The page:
Folliculotropic Mycosis Fungoides
K Rojas, R Talpur, C Torres-Cabala, M Duvic
cutaneous t-cell lymphoma, mycosis fungoides
K Rojas, R Talpur, C Torres-Cabala, M Duvic. Folliculotropic Mycosis Fungoides. The Internet Journal of Dermatology. 2009 Volume 8 Number 1.
Folliculotropic mycosis fungoides (FMF) is a variant of mycosis fungoides characterized by the presence of folliculotropic infiltrates, often with sparing of the epidermis, and preferential involvement of the head and neck. We report a case with classical FMF lesions but also with a deep ulcer, which is an unusual presentation.
Abbreviations: MF- Mycosis Fungoides,
Folliculotropic mycosis fungoides has been designated as a distinct entity in the World Health Organization-European Organization for Research and Treatment of Cancer classification system for cutaneous lymphomas. 1 It usually involves the scalp and face but may also compromise the torso, as in our patient. Its clinical spectrum includes scarring and nonscarring alopecias, erythematous plaques with follicular accentuation, acneiform lesions such as nodulocystic lesions, pustules, milia and comedones; tumors and sometimes mucinous discharge. Severe pruritus is also a prominent feature.2
A 62-year-old man presented with a 20 year history of a pruritic erythematous rash on his scalp and trunk previously diagnosed as seborrheic dermatitis and eosinophilic folliculitis. He had eosinophilia (13%) and IgE significantly elevated (2317 K/UL). He was initially treated with antifungals, topical steroids, antihistaminics and oral antibiotics with partial improvement. This past last year, he developed a slowly growing ulceration in the middle of his back.
Physical examination revealed (Figure 1A) an erythematous plaque with scarring alopecia on his scalp and (Figure 1B) erythematous telangiectatic patches and plaques on the trunk. Micropustules were seen within some of these lesions. (Figure 1C). On the back, he had a large 4x3 cm. ulcer down to the muscle containing purulent drainage (Figure 1D) and had palpable axillary and inguinal nodes. The cultures grew
Diagnosis: The patient was diagnosed with Folliculotropic mycosis fungoides stage IIA (T2N0M0).
Microscopic findings and clinical course
Two sets of biopsies were examined. The initial biopsy (dated 2002) showed a mild perifollicular infiltrate composed of lymphocytes and some eosinophils. A few eosinophils were reported to be present in the epidermis. A diagnosis of eosinophilic folliculitis was made in an outside institution. Subsequent in house biopsies, taken 6 years later, showed a dense lymphocytic infiltrate with prominent folliculotropism. Some epidermotropic cells were also seen. (Figure 2A) The infiltrating lymphocytes displayed mild cytologic atypia (Figure 2B). Plasma cells and eosinophils were also present. Immunohistochemical studies revealed the lymphocytes to be CD3-positive T cells (Figure 2C); rare CD20-positive B cells were identified. The folliculotropic and epidermotropic lymphocytes were mainly CD4 positive (Figure 2D). Scattered CD8-positive cells were seen within the follicles and epidermis (Figure 2E). Diffuse (greater than 75%) positivity for CD25 by the atypical lymphocytes was observed in one of the biopsies. Re-examination of the original biopsy showed a population of atypical, epidermotropic CD3-positive lymphocytes, positive for CD4 and negative for CD8. The epidermotropic and folliculotropic lymphocytes show a CD4:CD8 ratio of about 4:1. A diagnosis of mycosis fungoides, folliculotropic, was made on both sets of specimens. Molecular studies for TCR gamma gene rearrangement identified a monoclonal population, supporting the diagnosis of mycosis fungoides.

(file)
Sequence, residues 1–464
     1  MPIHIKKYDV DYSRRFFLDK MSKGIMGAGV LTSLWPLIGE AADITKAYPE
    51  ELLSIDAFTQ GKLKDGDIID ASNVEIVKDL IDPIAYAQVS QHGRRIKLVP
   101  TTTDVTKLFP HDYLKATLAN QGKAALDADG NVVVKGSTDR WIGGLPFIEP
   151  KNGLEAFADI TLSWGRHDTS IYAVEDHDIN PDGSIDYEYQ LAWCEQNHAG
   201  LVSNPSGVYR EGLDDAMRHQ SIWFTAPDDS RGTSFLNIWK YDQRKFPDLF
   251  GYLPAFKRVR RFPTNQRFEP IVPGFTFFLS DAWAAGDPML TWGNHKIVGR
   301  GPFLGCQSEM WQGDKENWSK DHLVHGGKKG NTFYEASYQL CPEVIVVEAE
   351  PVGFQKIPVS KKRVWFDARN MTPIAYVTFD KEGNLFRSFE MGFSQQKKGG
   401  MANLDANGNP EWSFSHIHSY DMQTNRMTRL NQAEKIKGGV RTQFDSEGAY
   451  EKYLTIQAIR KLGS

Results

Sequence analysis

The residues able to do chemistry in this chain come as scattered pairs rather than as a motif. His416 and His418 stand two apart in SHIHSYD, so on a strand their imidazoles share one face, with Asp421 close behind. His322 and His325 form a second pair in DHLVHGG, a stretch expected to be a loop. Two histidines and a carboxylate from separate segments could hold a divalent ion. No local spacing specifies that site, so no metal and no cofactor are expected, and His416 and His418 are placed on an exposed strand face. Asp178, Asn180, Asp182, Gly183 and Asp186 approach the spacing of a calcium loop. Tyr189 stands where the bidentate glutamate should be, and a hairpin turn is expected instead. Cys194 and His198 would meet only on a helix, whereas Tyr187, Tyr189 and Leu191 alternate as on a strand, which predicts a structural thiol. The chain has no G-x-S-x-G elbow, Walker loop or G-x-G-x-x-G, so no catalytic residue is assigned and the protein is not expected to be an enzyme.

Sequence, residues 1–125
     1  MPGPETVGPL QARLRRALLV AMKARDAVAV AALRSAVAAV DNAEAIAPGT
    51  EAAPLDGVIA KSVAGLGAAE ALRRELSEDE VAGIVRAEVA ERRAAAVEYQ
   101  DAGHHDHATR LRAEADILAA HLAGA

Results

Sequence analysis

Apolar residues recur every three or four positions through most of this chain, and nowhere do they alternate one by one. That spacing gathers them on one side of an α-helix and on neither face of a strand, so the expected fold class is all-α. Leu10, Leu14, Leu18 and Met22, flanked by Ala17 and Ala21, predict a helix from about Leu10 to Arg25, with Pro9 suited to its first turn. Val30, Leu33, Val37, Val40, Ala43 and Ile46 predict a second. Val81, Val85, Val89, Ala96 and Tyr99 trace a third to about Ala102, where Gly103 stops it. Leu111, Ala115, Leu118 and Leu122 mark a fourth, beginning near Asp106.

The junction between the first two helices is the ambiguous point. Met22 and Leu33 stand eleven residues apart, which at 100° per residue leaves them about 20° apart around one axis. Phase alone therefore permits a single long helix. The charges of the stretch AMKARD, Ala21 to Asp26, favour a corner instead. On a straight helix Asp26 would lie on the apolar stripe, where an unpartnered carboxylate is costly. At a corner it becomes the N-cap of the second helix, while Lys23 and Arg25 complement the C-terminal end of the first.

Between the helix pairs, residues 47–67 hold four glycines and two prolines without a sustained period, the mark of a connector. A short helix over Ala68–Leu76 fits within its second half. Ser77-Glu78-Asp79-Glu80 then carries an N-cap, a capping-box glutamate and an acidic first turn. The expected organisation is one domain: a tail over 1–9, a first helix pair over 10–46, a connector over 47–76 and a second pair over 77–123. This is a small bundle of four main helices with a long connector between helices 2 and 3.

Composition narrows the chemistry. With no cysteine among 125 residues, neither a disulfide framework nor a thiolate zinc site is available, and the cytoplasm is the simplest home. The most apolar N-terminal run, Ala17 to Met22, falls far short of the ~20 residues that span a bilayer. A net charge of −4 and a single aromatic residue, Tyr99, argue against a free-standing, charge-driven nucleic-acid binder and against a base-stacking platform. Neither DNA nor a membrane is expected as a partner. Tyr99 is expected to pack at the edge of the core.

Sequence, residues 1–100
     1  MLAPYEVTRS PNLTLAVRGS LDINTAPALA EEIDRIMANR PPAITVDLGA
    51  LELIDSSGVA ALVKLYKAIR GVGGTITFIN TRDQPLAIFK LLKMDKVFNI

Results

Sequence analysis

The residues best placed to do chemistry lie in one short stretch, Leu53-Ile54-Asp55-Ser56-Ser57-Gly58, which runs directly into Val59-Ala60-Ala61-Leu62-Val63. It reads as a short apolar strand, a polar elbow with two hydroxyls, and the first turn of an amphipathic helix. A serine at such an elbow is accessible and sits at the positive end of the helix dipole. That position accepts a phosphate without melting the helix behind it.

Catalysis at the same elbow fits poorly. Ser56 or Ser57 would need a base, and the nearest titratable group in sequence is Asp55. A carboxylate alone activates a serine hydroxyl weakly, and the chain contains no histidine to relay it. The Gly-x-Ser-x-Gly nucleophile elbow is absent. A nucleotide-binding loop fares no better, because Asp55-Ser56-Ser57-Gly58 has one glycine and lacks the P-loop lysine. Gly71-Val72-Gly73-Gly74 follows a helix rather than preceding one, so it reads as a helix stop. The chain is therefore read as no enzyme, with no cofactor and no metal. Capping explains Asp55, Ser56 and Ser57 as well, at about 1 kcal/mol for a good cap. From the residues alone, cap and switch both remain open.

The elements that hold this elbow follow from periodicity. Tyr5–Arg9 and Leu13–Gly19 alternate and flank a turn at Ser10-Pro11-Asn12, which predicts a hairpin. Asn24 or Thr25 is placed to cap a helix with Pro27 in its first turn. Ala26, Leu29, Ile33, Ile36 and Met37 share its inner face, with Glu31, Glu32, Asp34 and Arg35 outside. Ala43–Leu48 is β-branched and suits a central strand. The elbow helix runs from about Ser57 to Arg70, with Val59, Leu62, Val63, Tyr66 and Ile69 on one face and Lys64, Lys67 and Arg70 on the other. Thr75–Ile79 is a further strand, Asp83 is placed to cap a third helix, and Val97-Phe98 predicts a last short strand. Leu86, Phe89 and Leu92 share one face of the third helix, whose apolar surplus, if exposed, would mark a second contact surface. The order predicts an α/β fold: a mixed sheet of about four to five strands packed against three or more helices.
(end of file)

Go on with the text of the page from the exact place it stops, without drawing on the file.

Lymph node biopsy showed follicular hyperplasia.
The clinical course was consistent with folliculotropic mycosis fungoides IIA. He was initiated on bexarotene 150 mg and dicloxacillin 500 mg daily with considerable improvement of cutaneous lesions (Figure 3A, B, C and D). Patient developed new papules on lower extremity and was started on nitrogen mustard alternating with betamethasone.
Five distinctive histological patterns have been described in FMF, which are considered to be highly characteristic. They include prototypical changes with intact follicles with folliculotropism with or without mucin, basalloid folliculolymphoid hyperplasia, cystic, granulomatous and eosinophilic folliculitis subtypes. Our patient not only presented with classical FMF lesions but also with a deep ulcer, which is an unusual presentation.
The eosinophilic folliculitis pattern as in our patient, can be prominent and might be associated to misdiagnosis, but should be considered to establish FMF. 3 Hypereosinophilia and elevated Ig E levels have been reported in mycosis fungoides in the absence of any other underlying cause4 but not in FMF. In advanced stages of CTCL, a shift in cytokine profile from TH1 to TH2 is observed, which coincides with eosinophilia, high levels of immunoglobulin E, and increased susceptibility to bacterial infections.5 These features might be associated with long course FMF but not necessarily with advanced stages.
FMF has an aggressive path; it is more refractory to treatment and has a worse prognosis than the classic type of MF. Best results have been reported with psoralen plus UVA (PUVA) therapy with oral bexarotene or PUVA with interferon alfa.2,6 However, it has been reported complete response with low dose (150mg) oral bexarotene monotherapy in a patient with acneiform lesions on her face and back, similar to our patient.7
FMF may present with atypical clinical and histological features, therefore it’s diagnostic and treatment might be delayed.